INTRODUCTION TO THE ORESTEIA
The theme of the Oresteia is Δίκη (Dikę, justice)──cosmic
principle of order "The scales of Justice weigh wisdom through
suffering" (lines 260-261). No help for one who ignores justice
(lines 381-384) (Podlecki 63).
῎Ατη (Atę) means "distraction, folly, delusion, judicial
blindness sent by the gods, ruin." It is disproportionate. ["A
life for a tooth, a life for an eye"]. No balance is sought.
Balance important to Greeks. Each act of vengeance is out of
balance & leads to further revenge. The punishment of the
Trojans is too much for Paris' crime (Lattimore 73).
Cycle of ῎Ατη (Atę) in the Oresteia
- Tantalus tempts the gods to eat the flesh of his son
Pelops. This not only results in the curse of Tantalus
but also begins the miasma that curses the family and
city. Pelops rules and becomes father to two sons:
Thyestes and Atreus
- Thyestes has an affair with Atreus' wife.
- Atreus feeds Thyestes' sons to him.
- Paris takes Helen to Troy.
- Agamemnon sacrifices his daughter Iphigenia to propitiate
- Clytemnestra has an affair with Aegisthus.
- The Greeks destroy Troy. Is too much punishment on that
city. Is also ruinous to the Greeks. Agamemnon leaves with
1,000 ships & returns with one (Lattimore 73).
- Clytemnestra and Aegisthus assassinate Agamemnon.
- Orestes kills Clytemnestra.
- The Furies hound Orestes.
- Orestes is freed in the first jury trial.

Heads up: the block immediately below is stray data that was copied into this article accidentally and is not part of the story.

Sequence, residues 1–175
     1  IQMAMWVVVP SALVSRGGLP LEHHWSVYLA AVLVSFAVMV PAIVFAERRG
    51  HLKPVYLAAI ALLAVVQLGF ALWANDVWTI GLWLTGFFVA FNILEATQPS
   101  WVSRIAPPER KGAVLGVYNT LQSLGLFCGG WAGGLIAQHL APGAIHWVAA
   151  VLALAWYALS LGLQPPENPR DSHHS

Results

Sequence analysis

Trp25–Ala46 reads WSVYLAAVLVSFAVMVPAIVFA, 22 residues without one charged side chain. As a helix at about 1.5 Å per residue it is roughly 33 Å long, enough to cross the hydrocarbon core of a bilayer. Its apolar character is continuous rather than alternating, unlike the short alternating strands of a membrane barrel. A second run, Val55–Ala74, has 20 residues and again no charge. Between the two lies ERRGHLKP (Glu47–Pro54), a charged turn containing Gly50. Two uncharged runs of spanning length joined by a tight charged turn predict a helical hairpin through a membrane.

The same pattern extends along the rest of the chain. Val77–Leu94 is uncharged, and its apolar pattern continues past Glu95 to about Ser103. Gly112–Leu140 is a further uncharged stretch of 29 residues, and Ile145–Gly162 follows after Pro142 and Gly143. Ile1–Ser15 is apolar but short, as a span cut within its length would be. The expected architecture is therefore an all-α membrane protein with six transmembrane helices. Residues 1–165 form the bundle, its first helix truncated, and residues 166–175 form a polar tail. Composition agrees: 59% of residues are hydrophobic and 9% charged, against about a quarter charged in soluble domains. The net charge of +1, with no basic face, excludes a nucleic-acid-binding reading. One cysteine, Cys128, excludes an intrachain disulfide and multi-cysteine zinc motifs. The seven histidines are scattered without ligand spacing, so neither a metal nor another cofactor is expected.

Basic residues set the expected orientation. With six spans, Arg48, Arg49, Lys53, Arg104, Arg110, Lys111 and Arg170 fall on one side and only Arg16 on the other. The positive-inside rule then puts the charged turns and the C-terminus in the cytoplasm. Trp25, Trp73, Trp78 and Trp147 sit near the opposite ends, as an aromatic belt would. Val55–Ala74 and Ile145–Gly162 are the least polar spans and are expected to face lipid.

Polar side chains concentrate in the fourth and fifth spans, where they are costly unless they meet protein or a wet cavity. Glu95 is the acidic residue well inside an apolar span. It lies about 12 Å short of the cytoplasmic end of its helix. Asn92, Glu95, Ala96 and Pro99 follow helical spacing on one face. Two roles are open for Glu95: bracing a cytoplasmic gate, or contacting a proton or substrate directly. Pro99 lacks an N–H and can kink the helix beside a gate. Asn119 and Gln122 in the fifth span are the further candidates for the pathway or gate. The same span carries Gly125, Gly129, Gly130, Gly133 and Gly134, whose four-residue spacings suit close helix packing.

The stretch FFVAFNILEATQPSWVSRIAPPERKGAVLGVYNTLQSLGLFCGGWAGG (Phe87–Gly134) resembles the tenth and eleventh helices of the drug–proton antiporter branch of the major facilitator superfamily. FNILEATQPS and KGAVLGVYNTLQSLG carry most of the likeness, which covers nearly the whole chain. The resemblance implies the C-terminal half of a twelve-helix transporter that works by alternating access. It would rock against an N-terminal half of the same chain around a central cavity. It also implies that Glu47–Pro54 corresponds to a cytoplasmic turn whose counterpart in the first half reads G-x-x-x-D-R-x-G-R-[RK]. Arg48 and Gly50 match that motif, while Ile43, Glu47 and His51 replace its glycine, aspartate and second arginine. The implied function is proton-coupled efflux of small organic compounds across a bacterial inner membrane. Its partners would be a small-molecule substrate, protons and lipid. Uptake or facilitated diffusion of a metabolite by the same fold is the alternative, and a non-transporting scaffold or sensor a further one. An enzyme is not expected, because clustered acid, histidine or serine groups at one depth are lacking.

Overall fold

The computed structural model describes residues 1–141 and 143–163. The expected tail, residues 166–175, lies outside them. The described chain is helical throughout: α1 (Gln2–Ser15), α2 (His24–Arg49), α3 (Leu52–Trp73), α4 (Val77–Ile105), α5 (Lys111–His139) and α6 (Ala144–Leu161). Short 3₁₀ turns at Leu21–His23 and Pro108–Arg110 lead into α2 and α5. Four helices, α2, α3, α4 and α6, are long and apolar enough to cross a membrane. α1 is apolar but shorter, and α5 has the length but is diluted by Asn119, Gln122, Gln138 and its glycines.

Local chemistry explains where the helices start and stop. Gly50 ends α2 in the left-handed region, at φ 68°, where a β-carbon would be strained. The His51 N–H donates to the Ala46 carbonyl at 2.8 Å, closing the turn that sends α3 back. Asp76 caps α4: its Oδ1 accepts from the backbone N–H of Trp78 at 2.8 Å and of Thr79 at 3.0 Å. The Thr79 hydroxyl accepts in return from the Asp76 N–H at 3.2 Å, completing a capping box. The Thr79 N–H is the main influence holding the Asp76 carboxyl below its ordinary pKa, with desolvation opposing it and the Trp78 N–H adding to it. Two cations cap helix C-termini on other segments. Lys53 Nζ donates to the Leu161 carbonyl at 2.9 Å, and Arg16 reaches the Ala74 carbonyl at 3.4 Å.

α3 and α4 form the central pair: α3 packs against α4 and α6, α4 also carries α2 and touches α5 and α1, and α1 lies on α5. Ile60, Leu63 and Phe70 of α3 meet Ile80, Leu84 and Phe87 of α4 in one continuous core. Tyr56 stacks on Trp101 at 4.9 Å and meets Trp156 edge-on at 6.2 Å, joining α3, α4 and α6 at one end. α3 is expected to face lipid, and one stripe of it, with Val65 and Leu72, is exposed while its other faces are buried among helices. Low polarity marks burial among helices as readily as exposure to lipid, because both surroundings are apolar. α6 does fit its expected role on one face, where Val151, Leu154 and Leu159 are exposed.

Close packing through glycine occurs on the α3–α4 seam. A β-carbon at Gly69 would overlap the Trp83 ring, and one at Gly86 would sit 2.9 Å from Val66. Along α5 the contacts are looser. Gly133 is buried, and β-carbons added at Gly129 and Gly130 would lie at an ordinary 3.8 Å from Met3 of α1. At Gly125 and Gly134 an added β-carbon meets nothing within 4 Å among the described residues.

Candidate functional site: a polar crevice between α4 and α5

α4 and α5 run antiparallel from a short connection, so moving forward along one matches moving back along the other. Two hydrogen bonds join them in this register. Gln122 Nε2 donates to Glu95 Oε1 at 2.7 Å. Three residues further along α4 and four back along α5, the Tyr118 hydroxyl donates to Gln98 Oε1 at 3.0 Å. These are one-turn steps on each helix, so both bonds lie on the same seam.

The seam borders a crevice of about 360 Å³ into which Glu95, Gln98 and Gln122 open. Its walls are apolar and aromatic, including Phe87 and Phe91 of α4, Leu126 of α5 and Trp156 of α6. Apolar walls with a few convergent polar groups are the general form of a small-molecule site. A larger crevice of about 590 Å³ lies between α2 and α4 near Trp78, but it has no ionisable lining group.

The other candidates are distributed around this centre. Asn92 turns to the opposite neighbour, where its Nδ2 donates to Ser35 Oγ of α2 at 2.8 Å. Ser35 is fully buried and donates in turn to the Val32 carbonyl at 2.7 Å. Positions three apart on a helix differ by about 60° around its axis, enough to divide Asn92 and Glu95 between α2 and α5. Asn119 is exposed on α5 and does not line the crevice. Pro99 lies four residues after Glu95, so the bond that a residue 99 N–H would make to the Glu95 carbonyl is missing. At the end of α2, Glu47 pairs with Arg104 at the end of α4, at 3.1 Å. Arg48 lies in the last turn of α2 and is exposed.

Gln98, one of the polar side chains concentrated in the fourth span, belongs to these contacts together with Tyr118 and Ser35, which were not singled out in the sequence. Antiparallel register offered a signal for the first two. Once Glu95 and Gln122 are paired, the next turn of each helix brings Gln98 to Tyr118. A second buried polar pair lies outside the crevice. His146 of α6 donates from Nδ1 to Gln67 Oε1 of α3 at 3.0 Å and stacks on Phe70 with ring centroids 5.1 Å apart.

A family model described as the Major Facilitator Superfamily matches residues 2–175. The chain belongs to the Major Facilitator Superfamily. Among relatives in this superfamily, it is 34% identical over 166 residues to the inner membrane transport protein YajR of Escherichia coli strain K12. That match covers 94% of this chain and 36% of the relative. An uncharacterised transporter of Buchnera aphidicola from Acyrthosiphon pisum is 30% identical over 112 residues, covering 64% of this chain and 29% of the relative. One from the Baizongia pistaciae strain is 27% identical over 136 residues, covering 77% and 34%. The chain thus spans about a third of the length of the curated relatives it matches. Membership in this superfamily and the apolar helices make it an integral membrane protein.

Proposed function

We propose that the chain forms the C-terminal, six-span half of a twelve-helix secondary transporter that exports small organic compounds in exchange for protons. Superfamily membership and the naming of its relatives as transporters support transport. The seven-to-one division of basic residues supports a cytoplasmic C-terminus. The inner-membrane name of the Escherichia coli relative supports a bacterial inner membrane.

- The Furies are pacified, ending the cycle of ῎Ατη by
transforming their mode of action to the state & due
Each main character kicks down the altar of Δίκη.
Vendetta has blood-logic. Each death calls for another
Problems of public good have been solved through private
murder--not a real solution. They must channel these forces in
positive ways so they won't be purely destructive (Lattimore
Ultimately in the trilogy, justice only works in rule of law.
Glorifies civil order.
For Clytemnestra, Δίκη=Vengeance. Aegisthus is the same way.
Revenge for crime of Atreus against his father (lines
1605-1616). She thinks she has ended cycle of retribution, as
will Orestes. Both are wrong. (Lattimore 71).
Civic virtue ultimately channels the force of Dikę. City
(πόλις, polis) replaces household (οικος, oikos) (Lattimore 78).
The conflicts are conflicts of right vs right. Each character
is operating from several motives (Lattimore 74).
- He is simple. Driven by pride. Each act leads to the next. From sacrifice of Iphigenia to persistence at Troy to affair with Cassandra. No single act where a proud king would do otherwise. Ruins the Greeks as well as the Trojans. Both he & wife unfaithful in the long absence (Lattimore 73-74).
Clytemnestra's motives (Lattimore 74-75)
- Mother-resentment over Iphigenia's death (Lattimore 74). A
minor motive--she doesn't seem too upset over her death
(Hammond 92). She sacrifices another child--Orestes (Libation
- Jealous of Cassandra
- Adultery with Aegisthus
- Desire for power herself. Her own pride--Clytemnestra unlike
Cassandra & Briseis, who cling to their conquerors. She
smashes codes she doesn't like, like the one where hero has a
captive mistress. She protests the double standard (Libation
Bearers 13, right column). Clytemnestra has a grand manner.
She's an aristocrat. Overwhelms chorus (Lattimore 75).
Zeus is with Might AND Justice here (lines 244-245)--not
Orestes' motives (Lattimore 85)
- Outrage over loss of inheritance.
- Jealous because mom chose Aegisthus over Agamemnon and HIM.
She disowned him & sent him away (lines 132-134).
- Vengeance for Agamemnon's death.
In Agamemnon, vice was alluring. In Libation Bearers,
duty is repulsive (Lattimore 86).